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stuff to talk about, but for my first foray into Tolkien blogging I’m going to write about one my favorite parts from The Lord of the Rings – the fox passage.

Now, for anyone unfamiliar with holy trilogy, or for those who have only seen the movies, there are a couple things to cover before diving into the exact piece I want to talk about – this will help to understand why the fox passage is unique and interesting.

It’s important to recognize that J.R.R. Tolkien was very heavily influenced by folklore and mythology. He, in fact, began his approach to creating Middle Earth with the intent to create a sort of ‘Mythology for England’.

I was from early days grieved by the poverty of my own beloved country: it had no stories of its own … Do not laugh! But once upon a time (my crest has long since fallen) I had a mind to make a body of more or less connected legend, ranging from the large and cosmogonic, to the level of romantic fairy-story… which I could dedicate simply to: to England; to my country.” – Letter #131, The Letters of J.R.R. Tolkien

It is with this perspective in mind, that it should be understood: Middle Earth is written to be our earth.

I am historically minded. Middle-earth is not an imaginary world. The name is the modern form (appearing in the 13th century and still in use) of midden-erd > middel-erd, an ancient name for the oikoumenē, the abiding place of Men, the objectively real world, in use specifically opposed to imaginary worlds (as Fairyland) or unseen worlds (as Heaven or Hell). The theatre of my tale is this earth, the one in which we now live, but the historical period is imaginary. The essentials of that abiding place are all there (at any rate for inhabitants of N.W. Europe), so naturally it feels familiar, even if a little glorified by the enchantment of distance in time.” – Letter #183, The Letters of J.R.R. Tolkien

So when you read The Silmarillion, The Hobbit, or The Lord of the Rings, they could be read as being works of ancient myth that Tolkien found and translated to English for us – think: Tolkien the Historian and Anthropologist vs. Tolkien the Fiction Writer.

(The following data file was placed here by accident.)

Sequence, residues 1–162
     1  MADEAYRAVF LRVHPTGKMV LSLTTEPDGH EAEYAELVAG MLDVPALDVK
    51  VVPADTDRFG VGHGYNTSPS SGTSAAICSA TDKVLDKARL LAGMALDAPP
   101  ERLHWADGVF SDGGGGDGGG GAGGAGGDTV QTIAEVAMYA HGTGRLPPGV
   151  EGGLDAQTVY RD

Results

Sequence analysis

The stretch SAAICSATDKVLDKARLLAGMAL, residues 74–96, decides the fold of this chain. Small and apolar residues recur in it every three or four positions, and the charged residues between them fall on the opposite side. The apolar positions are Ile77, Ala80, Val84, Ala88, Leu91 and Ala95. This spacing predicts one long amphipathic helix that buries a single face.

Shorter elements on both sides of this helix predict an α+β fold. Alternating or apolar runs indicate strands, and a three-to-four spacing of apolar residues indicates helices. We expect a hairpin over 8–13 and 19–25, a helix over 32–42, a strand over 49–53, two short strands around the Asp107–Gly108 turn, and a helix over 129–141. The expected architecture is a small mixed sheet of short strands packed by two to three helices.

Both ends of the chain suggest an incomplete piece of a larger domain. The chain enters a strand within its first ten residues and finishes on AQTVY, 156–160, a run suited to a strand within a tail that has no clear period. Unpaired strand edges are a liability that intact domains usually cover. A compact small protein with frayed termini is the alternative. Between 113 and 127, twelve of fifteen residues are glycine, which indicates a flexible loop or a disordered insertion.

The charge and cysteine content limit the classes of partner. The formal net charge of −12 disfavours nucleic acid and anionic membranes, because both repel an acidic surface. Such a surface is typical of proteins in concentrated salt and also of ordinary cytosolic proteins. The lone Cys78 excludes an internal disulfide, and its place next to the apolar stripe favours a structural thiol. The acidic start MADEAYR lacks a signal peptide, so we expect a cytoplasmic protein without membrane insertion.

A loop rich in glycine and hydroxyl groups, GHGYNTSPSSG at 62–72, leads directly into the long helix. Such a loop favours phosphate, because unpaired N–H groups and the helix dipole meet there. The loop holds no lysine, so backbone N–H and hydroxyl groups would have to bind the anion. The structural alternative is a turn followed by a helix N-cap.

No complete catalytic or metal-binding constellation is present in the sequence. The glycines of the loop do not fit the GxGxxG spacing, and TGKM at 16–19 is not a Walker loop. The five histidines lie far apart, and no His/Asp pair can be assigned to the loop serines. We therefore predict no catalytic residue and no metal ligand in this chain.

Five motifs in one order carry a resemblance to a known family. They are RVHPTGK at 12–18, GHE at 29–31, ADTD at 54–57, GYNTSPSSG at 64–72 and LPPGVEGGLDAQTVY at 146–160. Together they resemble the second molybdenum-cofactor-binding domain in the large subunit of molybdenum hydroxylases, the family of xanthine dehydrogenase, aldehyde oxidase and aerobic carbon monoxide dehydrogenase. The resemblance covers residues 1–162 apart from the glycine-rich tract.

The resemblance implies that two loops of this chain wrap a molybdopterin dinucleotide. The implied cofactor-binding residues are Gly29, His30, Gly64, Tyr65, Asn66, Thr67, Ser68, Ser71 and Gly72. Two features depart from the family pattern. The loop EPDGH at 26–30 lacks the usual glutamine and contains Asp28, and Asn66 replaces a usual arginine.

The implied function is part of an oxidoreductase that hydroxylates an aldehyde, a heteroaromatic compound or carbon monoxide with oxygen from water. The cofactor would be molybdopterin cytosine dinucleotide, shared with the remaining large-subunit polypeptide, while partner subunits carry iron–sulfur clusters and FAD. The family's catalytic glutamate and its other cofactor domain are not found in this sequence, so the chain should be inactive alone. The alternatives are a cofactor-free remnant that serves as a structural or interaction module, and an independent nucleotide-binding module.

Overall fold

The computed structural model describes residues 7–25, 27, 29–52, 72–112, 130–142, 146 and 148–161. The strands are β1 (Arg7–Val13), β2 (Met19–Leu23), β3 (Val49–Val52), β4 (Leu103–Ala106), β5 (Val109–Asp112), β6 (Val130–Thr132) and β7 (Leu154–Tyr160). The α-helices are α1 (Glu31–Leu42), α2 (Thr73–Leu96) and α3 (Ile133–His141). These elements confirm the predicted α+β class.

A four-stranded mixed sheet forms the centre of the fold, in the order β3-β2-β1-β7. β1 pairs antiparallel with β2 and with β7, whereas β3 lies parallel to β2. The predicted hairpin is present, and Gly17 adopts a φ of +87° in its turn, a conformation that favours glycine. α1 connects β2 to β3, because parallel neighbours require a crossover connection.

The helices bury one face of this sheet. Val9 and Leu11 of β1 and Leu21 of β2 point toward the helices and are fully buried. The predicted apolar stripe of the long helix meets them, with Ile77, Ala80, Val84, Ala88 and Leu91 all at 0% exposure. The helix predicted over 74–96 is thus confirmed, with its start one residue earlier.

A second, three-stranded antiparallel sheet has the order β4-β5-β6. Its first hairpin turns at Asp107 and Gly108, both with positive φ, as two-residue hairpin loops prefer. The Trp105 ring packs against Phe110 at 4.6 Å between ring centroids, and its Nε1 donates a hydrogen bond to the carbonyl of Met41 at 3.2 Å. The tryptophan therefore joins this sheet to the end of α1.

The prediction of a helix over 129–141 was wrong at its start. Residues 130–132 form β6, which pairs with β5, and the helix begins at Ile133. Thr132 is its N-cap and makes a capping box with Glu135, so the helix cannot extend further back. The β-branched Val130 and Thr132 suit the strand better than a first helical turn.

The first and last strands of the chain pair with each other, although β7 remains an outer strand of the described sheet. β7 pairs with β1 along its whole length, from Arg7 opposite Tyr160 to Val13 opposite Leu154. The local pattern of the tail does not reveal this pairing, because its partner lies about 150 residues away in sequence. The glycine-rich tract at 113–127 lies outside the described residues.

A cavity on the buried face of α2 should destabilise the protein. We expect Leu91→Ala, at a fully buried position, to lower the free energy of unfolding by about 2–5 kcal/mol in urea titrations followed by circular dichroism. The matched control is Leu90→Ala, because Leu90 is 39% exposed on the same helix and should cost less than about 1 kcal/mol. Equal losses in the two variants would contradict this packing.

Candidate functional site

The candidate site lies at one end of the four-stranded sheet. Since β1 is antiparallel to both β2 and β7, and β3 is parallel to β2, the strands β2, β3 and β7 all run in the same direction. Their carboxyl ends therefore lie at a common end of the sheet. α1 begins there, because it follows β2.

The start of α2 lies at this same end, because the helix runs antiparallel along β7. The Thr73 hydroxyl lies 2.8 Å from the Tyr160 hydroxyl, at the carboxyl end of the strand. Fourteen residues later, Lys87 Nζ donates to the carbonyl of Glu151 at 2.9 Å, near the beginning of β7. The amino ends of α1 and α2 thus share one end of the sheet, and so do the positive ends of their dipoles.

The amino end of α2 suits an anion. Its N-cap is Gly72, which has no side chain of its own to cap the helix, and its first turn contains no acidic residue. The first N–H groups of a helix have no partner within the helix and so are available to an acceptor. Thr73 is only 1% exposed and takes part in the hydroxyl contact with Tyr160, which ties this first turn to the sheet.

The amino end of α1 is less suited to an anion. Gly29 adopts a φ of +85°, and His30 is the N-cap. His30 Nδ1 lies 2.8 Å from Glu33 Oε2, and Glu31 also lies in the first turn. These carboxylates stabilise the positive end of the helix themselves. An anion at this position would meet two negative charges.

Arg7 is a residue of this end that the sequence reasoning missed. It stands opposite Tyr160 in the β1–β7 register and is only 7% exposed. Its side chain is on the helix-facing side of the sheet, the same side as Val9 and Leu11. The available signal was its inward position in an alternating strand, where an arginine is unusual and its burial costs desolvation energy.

When we discuss The Lord of the Rings, the ‘ancient text’ that Tolkien the Historian worked from is The Red Book of Westmarch. This is the book that Bilbo and Frodo (then later: Sam, Merry, and Pippin, and…others) wrote themselves. It is to be understood that Frodo is the principal author of The Lord of the Rings.

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That said, everything that was written in The Lord of the Rings follows a certain scheme: what was written was either the first-hand or second-hand account of someone that was actually present to experience the events of the story. It is written in a third person omniscient POV, but the perspective almost always follows one of the central protagonists.

Almost always.

This is where the fox passage comes in. Here it is in all it’s lustrous glory:

They set no watch; even Frodo feared no danger yet, for they were still in the heart of the Shire. A few creatures came and looked at them when the fire had died away. A fox passing through the wood on business of his own stopped several minutes and sniffed.

‘Hobbits!’ he thought. ‘Well, what next? I have heard of strange doings in this land, but I have seldom heard of a hobbit sleeping out of doors under a tree. Three of them! There’s something mighty queer behind this.’ He was quite right, but he never found out any more about it. – The Fellowship of the Ring, Chapter 3: Three Is Company

The first thing that sticks out when I read this passage is that we are suddenly experiencing the thoughts of a wild animal. It’s weird, it’s different. While The Hobbit has some more fantastical elements like this, the Lord of the Rings generally does not.